Pakistan and the Mughal Empire are Muslim in governance. The Mughal empire was established in 1526 by the ruler Babur and declined in the 19th century as the British acquired more and more territory in India. Pakistan was established after Indian Independence in 1947 as a nation that South Asian Muslims could call a homeland.
Perhaps the major similarity between the two is political instability. In its decline, the Mughal Empire went through a series of weak rulers with short terms. The last powerful Mughal ruler was Aurangzeb, who died in 1707 after tyrannically ruling India for fifty years. He so thoroughly kept others from gaining power that no one was able to fully take control of the empire after his death, and the Mughal rulers who succeeded him had short terms that often ended in conflict. Moreover, the Mughals lost territory to the British, who consolidated their rule over India.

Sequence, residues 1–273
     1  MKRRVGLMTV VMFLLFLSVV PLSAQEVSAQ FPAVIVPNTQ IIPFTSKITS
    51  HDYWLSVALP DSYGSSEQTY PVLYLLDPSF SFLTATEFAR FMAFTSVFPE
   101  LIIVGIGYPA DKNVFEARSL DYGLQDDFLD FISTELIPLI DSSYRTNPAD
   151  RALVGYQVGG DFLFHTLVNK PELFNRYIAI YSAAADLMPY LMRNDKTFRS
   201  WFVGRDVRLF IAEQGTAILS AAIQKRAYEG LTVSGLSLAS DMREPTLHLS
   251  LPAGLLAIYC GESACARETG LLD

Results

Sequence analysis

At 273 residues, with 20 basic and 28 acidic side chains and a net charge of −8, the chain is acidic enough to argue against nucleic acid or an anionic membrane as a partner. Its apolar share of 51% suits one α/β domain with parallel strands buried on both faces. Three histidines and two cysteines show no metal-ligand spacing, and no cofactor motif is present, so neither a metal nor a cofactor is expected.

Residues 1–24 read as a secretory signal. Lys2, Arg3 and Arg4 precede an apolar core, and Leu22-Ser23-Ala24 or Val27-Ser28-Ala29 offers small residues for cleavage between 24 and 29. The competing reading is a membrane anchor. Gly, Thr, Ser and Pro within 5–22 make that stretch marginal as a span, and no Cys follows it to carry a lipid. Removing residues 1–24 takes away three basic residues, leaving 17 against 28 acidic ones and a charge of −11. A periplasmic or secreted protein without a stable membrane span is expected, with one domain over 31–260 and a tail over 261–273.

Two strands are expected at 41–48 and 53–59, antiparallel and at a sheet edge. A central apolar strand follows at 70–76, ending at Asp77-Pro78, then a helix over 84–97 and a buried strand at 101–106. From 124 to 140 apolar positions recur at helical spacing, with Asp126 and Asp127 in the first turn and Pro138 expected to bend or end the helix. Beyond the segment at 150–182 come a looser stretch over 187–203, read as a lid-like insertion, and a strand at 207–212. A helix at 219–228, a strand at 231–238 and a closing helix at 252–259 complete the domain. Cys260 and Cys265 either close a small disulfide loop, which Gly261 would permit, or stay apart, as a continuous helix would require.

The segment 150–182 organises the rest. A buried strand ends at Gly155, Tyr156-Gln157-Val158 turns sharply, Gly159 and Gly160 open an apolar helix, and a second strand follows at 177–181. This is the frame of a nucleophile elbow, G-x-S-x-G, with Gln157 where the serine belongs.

Like Mughal India, Pakistan has had considerable political instability. In the late 1970's, Prime Minister Zulfikar Ali Bhutto was arrested and executed in 1979. After this coup Pakistan was ruled by a military general, Zia al-Haq, who ruled until his death in a plane crash in 1988. Pakistan has ranged between democratically elected rulers at times, such as Benazir Bhutto (Zulfikar Ali Bhutto's daughter) and Nawaz Sharif, and has had other military coups, such as when Pervez Musharraf took power in 1999. Also, Pakistan has lost territory like the Mughal Empire. The country we know as Bangladesh used to be part of Pakistan, and seceded in 1971.